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The dawn of digital loyalty Tokens

But I digress — loyalty schemes like Green shield stamps, or the modern version of buy 10 drinks in Starbucks and get the next one free, or if you fly with most airlines, you can collect loyalty points. We have already see brands like Burger King launch digital loyalty schemes enabling burger buyer to earn Whooper coins, which can be exchanged for burgers.

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In a global economy where there are companies vying for our attention so they can sell more goods and services, Tokens created by an ICO are seen as a way to deepen and strengthen the interaction with customers, staff and suppliers. If customers are able to earn Tokens based on the time they spend on a firm’s website or as a reward for making purchases, it encourages loyalty. There are websites devoted to how you get the best deals, depending on which airline you fly on, or which credit card you use so encouraging potential customers to seek out the most attractive loyalty options. While loyalty schemes have been used for many years and been proven to be a highly effective way to attract and retain clients, Cryptocurrencies that can potentially be traded 24/7, offering organisations and marketers a new range of possibilities.

Local authorities, such as the Hull coin, “is the world’s first Community Loyalty Point”. Earn HullCoin by getting involved in great things in your community — spend HullCoin by accessing discounts with local retailers. But then there is nothing new here either, as the Brixton coin has been around since 2009.

Even central banks are now looking at the Cryptocurrencies, and the technology that powers them, as a way to have greater control of their countries’ cash that is in circulation. The black economy is a significant problem in many jurisdictions globally — indeed on the UK is it said that the amount of money laundered by foreign criminals is estimated to be as high as £100 billion a year. Unlawful tax avoidance costs UK taxpayers as much as £2.7 billion in lost revenue, according to Transparency International. But these Cryptocurrencies will not be designed to be speculative, as this is the last thing that they want, and so in turn help to reduce the overall volatility in the Cryptocurrency market.

To close with a look at lessons from the past — historically we have seen many companies list their share on equity markets around the world by carrying out an Initial Public Offering (IPOs). These IPOs had been used to encourage private investors to buy shares in companies that governments wanted to privatise i.e. BT, British Gas, BP, British Airways etc. But then companies increasingly turned to global banks, who underwrote IPOs, which often meant smaller investors were unable to get access to top performing IPOs.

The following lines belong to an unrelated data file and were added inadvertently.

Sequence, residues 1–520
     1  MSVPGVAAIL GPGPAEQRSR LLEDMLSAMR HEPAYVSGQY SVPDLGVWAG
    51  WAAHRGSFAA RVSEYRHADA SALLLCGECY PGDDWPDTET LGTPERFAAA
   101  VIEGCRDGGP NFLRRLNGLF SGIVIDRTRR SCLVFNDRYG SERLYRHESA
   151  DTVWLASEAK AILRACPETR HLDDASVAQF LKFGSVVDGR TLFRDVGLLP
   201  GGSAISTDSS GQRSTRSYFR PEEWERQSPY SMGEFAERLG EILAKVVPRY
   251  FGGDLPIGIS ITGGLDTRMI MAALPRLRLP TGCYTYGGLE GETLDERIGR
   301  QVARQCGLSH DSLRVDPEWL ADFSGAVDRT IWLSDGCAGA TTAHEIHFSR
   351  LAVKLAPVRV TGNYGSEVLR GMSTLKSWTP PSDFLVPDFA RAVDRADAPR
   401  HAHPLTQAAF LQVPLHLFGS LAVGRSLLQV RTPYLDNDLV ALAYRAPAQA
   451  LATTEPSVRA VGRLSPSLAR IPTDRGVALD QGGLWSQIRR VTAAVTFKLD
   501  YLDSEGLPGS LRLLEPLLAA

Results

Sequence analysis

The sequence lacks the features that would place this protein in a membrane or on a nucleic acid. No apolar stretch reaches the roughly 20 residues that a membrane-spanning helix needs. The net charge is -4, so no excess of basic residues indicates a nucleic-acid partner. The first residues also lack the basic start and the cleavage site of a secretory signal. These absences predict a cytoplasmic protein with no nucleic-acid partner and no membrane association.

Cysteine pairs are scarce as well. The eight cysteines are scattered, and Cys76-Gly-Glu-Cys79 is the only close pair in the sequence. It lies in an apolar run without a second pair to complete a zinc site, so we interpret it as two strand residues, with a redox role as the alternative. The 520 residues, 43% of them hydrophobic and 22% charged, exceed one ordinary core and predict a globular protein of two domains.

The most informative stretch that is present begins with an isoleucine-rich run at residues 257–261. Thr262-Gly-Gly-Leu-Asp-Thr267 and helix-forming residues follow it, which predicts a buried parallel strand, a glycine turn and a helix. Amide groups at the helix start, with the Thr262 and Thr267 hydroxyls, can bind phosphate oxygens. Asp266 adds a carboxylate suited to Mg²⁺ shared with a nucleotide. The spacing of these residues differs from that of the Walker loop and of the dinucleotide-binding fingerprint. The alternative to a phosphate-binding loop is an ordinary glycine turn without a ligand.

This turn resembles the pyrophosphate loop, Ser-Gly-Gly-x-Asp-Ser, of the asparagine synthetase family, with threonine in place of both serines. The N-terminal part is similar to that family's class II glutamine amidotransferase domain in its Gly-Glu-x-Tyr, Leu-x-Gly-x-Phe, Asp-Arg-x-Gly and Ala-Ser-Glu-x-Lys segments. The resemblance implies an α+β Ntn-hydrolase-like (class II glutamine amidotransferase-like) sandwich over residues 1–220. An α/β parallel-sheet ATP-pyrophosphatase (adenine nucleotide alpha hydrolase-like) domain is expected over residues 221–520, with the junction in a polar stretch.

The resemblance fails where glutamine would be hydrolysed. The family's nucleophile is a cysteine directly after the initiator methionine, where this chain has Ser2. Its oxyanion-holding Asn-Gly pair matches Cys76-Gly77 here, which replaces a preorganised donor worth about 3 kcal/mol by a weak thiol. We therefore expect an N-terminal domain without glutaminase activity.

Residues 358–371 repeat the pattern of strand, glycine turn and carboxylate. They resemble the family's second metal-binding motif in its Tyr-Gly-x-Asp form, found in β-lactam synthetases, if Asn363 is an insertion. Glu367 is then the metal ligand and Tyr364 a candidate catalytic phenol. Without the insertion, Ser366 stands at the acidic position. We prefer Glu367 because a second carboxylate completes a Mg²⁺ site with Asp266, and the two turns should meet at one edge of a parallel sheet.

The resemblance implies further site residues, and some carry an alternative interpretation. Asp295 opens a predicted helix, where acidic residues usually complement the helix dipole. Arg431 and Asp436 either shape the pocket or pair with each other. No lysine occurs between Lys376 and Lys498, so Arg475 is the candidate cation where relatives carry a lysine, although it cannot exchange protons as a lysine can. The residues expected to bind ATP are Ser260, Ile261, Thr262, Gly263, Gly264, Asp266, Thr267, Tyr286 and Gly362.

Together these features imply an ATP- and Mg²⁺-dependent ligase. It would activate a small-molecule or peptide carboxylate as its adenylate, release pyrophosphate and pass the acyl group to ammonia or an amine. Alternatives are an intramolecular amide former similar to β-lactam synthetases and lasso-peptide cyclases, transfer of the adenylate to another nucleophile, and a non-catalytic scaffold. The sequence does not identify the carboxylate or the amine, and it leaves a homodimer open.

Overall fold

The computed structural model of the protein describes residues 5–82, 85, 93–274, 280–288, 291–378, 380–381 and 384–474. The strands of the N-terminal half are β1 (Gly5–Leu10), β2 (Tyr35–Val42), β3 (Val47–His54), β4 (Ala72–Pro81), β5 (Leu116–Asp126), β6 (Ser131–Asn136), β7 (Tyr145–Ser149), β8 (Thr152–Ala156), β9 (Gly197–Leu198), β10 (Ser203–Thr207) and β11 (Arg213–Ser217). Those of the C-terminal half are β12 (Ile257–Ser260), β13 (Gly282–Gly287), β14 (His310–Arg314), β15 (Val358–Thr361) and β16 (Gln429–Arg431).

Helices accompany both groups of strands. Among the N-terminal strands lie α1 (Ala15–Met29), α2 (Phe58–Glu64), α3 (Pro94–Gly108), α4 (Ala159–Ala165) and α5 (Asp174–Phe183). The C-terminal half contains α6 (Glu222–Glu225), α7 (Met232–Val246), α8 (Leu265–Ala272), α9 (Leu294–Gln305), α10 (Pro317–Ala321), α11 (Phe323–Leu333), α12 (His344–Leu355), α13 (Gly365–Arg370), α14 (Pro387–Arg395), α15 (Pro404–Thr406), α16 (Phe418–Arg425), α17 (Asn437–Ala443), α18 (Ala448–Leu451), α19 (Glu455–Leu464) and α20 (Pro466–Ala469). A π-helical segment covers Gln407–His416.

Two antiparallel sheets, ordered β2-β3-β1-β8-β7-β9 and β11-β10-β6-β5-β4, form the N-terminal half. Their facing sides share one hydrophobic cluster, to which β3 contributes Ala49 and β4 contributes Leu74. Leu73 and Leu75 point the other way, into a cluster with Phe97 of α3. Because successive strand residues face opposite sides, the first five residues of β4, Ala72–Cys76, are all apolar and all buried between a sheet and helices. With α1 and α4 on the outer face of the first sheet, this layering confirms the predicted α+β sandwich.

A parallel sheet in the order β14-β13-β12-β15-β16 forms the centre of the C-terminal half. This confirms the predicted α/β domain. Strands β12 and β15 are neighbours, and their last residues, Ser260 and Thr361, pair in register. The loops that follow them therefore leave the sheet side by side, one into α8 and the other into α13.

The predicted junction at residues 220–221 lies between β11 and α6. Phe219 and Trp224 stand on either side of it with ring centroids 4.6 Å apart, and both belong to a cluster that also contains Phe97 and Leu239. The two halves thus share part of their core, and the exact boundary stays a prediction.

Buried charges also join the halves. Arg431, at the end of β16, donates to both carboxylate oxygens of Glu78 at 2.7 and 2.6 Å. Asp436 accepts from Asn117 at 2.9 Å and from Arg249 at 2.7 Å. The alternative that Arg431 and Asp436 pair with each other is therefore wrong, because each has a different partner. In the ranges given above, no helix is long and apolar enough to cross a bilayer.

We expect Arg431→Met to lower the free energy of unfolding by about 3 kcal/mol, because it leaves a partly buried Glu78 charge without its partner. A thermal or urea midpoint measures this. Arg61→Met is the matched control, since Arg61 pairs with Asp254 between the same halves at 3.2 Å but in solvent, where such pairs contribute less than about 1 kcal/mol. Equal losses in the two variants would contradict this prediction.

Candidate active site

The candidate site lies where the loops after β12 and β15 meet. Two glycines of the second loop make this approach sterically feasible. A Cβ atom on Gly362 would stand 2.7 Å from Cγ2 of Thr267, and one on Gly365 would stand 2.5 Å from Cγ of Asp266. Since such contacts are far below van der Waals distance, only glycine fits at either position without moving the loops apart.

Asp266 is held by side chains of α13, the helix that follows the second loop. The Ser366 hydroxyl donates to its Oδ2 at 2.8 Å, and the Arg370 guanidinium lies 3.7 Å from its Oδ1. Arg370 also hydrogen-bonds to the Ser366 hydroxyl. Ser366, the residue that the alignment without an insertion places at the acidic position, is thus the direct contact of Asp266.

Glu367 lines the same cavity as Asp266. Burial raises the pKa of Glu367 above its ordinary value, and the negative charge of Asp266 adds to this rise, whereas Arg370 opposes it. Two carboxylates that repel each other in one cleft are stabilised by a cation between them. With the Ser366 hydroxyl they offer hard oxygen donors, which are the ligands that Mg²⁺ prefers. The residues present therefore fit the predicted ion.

Many of the ICOs in 2017 were being funded by 000s of small participants who invested small sums of money. It seemed we were seeing a ‘democratization of capitalism’ ie an asset class that was available for the masses, not just the preserve of the HNW wealthy private banking elite. However, now many ICOs are realising that unless they are able to prove that they have complied with the regulations around Know Your Client and Anti Money Laundering, they struggle to open a bank account and increasingly be accepted on to exchanges.

It is partially for this reason why some ICOs are now trying to raise capital 100% from accredited/professional investors, as there is less potential liability for the founders/directors from regulators in the future. How different though is this from an IPO that is underwritten by a merchant bank?

So undoubtedly Crypto currencies have created a New Asset class that can help organisations to grow by raising capital, as they are non-dilutive for shareholders and do not increase the indebtedness for the company that issues them. We are even likely to see them being used as a way to reduce fraud and corruption in some countries, or as a Token Attention Coin to encourage repeat purchases and engagement i.e. digital loyalty schemes. While much of this is not new, given the increasing digital nature of the global economy, it is not hard to understand how and why this market has grown so massively. I suspect we will see a pullback in prices before Tokens become more widely accepted by institutions and major global brands, even governments, in the next few years.

I would like to leave you with this comment from Jay Clayton Chairman of the SEC:

The world’s social media platforms and financial markets are abuzz about cryptocurrencies and “initial coin offerings” (ICOs). There are tales of fortunes made and dreamed to be made. We are hearing the familiar refrain, this time is different”.


December 2017